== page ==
This play-like structure allowed the work to be quickly adapted to the stage, with the first production mounted on Broadway in 1937, the year of the novel's publication. This production was quite successful, and was directed by the famous playwright George S. Kaufman. The play was revived in 1974 with James Earl Jones in the role of Lennie. Of Mice and Men has also been frequently adapted into cinema - first in 1939, in a production directed by Lewis Milestone (who regularly and skillfully directed adaptations of literary works, including All Quiet on the Western Front (1930)), with Lon Chaney, Jr. and Lennie and Burgess Merideth as George. Most recently the novel was adapted in 1992, with Gary Sinise playing George and John Malkovich in the role of Lennie. This version was well-received by critics and regularly supplements high school English class units on the novel.
Of Mice and Men is a fantastic novel that shows how hard it was in the times of the Great Depression. The difference between Lennie and George compared to the migrant workers is that they had each other. In the novel, it shows how George takes care of Lennie who has a mental disability. Most of the migrant workers wanted to achieve the success of the American Dream that was different for every American. Lennie and George too wanted to the euphoria of achieving their American Dream. Lennie and George’s dream was to own a ranch and live off ... Read more →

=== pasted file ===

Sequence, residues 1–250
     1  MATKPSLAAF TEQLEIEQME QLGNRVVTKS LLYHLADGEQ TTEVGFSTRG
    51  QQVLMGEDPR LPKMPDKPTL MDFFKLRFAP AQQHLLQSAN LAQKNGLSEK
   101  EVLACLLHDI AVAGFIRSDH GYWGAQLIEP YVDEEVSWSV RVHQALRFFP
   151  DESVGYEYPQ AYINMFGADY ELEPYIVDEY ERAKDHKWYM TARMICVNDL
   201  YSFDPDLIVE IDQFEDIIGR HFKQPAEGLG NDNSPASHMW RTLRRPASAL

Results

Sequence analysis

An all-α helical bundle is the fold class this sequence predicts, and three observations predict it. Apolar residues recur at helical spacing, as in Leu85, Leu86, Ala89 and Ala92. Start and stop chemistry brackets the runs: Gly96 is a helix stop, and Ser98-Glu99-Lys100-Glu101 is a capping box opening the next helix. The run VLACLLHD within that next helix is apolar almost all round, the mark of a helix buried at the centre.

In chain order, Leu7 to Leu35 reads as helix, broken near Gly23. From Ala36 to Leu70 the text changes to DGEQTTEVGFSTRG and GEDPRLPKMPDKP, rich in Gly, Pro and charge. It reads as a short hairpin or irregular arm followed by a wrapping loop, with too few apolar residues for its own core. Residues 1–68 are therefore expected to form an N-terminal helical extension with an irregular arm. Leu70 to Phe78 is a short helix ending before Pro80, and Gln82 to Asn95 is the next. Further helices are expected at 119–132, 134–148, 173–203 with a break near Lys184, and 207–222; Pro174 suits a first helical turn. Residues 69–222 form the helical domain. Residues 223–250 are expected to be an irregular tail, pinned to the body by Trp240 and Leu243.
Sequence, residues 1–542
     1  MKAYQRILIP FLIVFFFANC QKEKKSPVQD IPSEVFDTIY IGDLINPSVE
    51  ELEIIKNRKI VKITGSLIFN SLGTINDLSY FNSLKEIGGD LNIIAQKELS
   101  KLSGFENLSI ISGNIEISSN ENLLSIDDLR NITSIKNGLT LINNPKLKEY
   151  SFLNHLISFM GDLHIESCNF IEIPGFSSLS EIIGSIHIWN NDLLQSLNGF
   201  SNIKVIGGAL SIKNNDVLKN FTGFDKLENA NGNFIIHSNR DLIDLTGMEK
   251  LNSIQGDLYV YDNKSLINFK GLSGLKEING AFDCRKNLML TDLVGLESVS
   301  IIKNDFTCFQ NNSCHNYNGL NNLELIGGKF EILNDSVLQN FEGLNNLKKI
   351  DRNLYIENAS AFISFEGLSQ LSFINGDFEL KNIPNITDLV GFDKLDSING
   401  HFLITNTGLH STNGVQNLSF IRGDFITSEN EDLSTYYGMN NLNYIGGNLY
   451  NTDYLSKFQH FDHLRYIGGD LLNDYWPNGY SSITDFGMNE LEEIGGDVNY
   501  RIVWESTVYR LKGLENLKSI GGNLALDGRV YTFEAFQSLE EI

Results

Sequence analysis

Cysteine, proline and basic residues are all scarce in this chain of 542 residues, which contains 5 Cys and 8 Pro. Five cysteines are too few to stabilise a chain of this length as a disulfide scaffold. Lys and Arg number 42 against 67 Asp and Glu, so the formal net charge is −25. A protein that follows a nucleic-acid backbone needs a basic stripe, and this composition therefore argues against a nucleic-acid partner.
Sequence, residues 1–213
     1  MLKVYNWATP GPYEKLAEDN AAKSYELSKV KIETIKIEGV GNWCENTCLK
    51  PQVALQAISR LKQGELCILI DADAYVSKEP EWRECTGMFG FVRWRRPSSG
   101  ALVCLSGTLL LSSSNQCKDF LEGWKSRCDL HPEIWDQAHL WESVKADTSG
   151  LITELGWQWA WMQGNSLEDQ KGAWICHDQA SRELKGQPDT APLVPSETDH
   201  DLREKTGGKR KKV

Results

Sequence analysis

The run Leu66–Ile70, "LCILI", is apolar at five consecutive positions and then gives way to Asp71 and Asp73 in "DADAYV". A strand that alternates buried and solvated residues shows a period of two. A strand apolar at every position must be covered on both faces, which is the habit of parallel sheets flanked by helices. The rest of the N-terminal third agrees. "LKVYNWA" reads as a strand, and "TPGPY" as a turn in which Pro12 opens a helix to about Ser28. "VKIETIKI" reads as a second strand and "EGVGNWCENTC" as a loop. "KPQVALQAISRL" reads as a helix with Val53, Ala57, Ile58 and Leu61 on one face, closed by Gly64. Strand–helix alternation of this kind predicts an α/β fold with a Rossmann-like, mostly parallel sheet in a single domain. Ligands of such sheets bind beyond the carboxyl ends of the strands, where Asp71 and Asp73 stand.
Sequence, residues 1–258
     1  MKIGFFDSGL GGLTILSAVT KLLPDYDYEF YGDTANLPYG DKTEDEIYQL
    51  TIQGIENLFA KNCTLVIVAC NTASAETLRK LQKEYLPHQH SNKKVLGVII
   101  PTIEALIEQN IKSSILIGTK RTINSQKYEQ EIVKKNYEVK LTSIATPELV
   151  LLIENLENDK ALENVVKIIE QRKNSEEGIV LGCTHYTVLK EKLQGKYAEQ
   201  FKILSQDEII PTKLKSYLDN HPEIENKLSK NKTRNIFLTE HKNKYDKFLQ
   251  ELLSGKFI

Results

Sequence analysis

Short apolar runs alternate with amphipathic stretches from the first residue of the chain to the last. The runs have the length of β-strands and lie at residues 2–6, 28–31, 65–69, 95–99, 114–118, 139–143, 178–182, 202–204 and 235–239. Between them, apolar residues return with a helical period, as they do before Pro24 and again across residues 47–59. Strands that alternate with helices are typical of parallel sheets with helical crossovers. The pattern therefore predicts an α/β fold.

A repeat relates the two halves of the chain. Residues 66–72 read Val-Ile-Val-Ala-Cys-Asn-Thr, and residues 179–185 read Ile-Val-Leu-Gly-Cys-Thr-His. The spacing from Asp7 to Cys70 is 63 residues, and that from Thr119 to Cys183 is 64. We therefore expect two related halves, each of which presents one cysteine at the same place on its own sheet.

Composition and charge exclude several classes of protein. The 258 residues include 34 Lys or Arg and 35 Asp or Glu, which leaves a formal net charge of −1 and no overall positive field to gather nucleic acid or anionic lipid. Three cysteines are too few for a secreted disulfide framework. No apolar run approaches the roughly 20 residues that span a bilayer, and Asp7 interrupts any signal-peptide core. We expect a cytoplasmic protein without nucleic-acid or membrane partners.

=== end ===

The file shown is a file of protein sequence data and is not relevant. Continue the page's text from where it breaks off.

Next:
My three years at Peary were a very difficult time in my life. I was wrestling with depression, struggling with an abusive mother and alcoholic father and generally feeling quite numb. And, English and writing were particularly difficult for me! I did, however, learn a great deal from you and benefited from my participation in your classes and other activities, including and most especially the Drama club presentations of "Long Day's Journey Into Night" and "The Little Foxes". I particularly recall the post-performance sessions with you and the rest of the cast and crew. It was a peculiar and precious (to us) moment there when you let down the normal teacher/student formality a bit more than usual to discuss how it had gone that night.